Der Kardiologe     Hybrid Journal   (Followers: 1)
Echo Research and Practice     Open Access   (Followers: 2)
Echocardiography     Hybrid Journal   (Followers: 4)
Egyptian Heart Journal     Open Access   (Followers: 2)
Egyptian Journal of Cardiothoracic Anesthesia     Open Access  
ESC Heart Failure     Open Access   (Followers: 4)
European Cardiology Review     Open Access   (Followers: 1)
European Heart Journal     Hybrid Journal   (Followers: 68)
European Heart Journal - Cardiovascular Imaging     Hybrid Journal   (Followers: 10)
European Heart Journal - Cardiovascular Pharmacotherapy     Full-text available via subscription   (Followers: 2)
European Heart Journal - Quality of Care and Clinical Outcomes     Hybrid Journal  
European Heart Journal : Acute Cardiovascular Care     Hybrid Journal   (Followers: 1)
European Heart Journal : Case Reports     Open Access   (Followers: 1)
European Heart Journal Supplements     Hybrid Journal   (Followers: 7)
European Journal of Cardio-Thoracic Surgery     Hybrid Journal   (Followers: 9)
European Journal of Cardio-Thoracic Surgery Supplements     Full-text available via subscription   (Followers: 2)
European Journal of Cardiovascular Nursing     Hybrid Journal   (Followers: 5)
European Journal of Heart Failure     Hybrid Journal   (Followers: 13)
European Journal of Preventive Cardiology.     Hybrid Journal   (Followers: 6)
European Stroke Organisation     Hybrid Journal   (Followers: 3)
Experimental & Translational Stroke Medicine     Open Access   (Followers: 9)
Expert Review of Cardiovascular Therapy     Full-text available via subscription   (Followers: 3)
Folia Cardiologica     Open Access  
Forum Zaburzeń Metabolicznych     Hybrid Journal  
Frontiers in Cardiovascular Medicine     Open Access   (Followers: 1)
Future Cardiology     Hybrid Journal   (Followers: 5)
General Thoracic and Cardiovascular Surgery     Hybrid Journal   (Followers: 3)
Global Cardiology Science and Practice     Open Access   (Followers: 5)
Global Heart     Hybrid Journal   (Followers: 3)
Heart     Hybrid Journal   (Followers: 49)
Heart and Mind     Open Access  
Heart and Vessels     Hybrid Journal  
Heart Failure Clinics     Full-text available via subscription   (Followers: 2)
Heart Failure Reviews     Hybrid Journal   (Followers: 3)
Heart India     Open Access   (Followers: 2)
Heart International     Full-text available via subscription  
Heart Rhythm     Hybrid Journal   (Followers: 11)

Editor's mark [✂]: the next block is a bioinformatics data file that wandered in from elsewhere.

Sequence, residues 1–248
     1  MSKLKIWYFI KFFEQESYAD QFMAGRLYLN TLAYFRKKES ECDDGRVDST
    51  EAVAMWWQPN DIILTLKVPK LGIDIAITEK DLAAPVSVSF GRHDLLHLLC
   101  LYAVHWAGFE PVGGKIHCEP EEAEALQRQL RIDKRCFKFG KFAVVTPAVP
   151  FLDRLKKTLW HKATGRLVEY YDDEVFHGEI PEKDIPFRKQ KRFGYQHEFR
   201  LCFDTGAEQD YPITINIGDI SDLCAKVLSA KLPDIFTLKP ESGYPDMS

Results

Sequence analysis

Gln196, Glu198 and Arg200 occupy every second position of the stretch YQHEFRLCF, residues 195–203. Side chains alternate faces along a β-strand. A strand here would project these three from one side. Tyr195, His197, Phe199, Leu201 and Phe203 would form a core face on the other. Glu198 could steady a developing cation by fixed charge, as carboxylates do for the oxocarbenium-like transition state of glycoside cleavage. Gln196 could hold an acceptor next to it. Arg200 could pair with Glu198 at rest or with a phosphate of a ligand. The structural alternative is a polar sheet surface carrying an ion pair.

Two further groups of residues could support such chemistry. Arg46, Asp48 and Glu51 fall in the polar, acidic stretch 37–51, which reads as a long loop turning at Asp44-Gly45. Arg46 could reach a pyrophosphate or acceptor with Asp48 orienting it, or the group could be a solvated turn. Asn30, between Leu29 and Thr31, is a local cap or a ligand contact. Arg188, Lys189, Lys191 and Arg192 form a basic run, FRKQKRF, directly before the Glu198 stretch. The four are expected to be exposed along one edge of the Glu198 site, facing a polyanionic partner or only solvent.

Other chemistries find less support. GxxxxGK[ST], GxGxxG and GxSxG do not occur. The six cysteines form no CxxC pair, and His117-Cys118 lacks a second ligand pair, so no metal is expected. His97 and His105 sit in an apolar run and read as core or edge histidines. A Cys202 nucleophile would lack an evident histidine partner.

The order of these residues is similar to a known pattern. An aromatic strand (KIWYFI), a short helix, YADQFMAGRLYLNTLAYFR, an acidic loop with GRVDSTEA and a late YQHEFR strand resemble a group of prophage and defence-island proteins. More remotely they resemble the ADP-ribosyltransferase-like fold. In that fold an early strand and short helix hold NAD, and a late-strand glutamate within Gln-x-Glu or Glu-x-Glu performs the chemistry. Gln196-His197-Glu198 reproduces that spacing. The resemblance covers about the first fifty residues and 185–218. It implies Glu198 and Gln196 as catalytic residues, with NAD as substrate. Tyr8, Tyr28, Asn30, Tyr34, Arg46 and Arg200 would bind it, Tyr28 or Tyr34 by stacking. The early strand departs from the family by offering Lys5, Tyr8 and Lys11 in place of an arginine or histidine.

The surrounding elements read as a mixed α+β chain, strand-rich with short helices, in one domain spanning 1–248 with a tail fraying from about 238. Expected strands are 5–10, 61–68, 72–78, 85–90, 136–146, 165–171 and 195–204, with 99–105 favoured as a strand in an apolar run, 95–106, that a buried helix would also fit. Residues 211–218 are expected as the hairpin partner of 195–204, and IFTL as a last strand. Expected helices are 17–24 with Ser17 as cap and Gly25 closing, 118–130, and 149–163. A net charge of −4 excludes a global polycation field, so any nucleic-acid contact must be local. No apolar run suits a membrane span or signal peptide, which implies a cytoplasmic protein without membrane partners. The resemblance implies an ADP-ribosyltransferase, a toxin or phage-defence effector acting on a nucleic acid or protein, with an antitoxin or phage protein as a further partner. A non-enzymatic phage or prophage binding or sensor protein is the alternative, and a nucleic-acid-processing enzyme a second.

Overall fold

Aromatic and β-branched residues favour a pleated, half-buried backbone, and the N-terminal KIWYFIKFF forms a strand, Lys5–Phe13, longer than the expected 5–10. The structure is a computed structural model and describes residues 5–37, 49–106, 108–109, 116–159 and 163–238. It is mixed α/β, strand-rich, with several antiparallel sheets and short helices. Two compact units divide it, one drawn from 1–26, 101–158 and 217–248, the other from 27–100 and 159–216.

Heart Views     Open Access   (Followers: 2)
HeartRhythm Case Reports     Open Access  
Hellenic Journal of Cardiology     Open Access   (Followers: 1)
Herz     Hybrid Journal   (Followers: 2)
High Blood Pressure & Cardiovascular Prevention     Full-text available via subscription   (Followers: 2)
Hypertension     Full-text available via subscription   (Followers: 24)
Hypertension     Open Access   (Followers: 2)
Hypertension in Pregnancy     Hybrid Journal   (Followers: 9)
Hypertension Research     Hybrid Journal   (Followers: 4)
Ibrahim Cardiac Medical Journal     Open Access  
IJC Heart & Vessels     Open Access   (Followers: 1)
IJC Heart & Vasculature     Open Access   (Followers: 1)
IJC Metabolic & Endocrine     Open Access   (Followers: 1)
Indian Heart Journal     Open Access   (Followers: 5)
Indian Journal of Cardiovascular Disease in Women WINCARS     Open Access  
Indian Journal of Thoracic and Cardiovascular Surgery     Hybrid Journal  
Indian Pacing and Electrophysiology Journal     Open Access   (Followers: 1)
Innovations : Technology and Techniques in Cardiothoracic and Vascular Surgery     Hybrid Journal   (Followers: 1)
Insuficiencia Cardíaca     Open Access  
Interactive CardioVascular and Thoracic Surgery     Hybrid Journal   (Followers: 6)
International Cardiovascular Forum Journal     Open Access  
International Journal of Angiology     Hybrid Journal   (Followers: 2)
International Journal of Cardiology     Hybrid Journal   (Followers: 17)
International Journal of Cardiology Hypertension     Open Access   (Followers: 1)
International Journal of Cardiovascular and Cerebrovascular Disease     Open Access   (Followers: 3)
International Journal of Cardiovascular Imaging     Hybrid Journal   (Followers: 2)
International Journal of Cardiovascular Research     Hybrid Journal   (Followers: 6)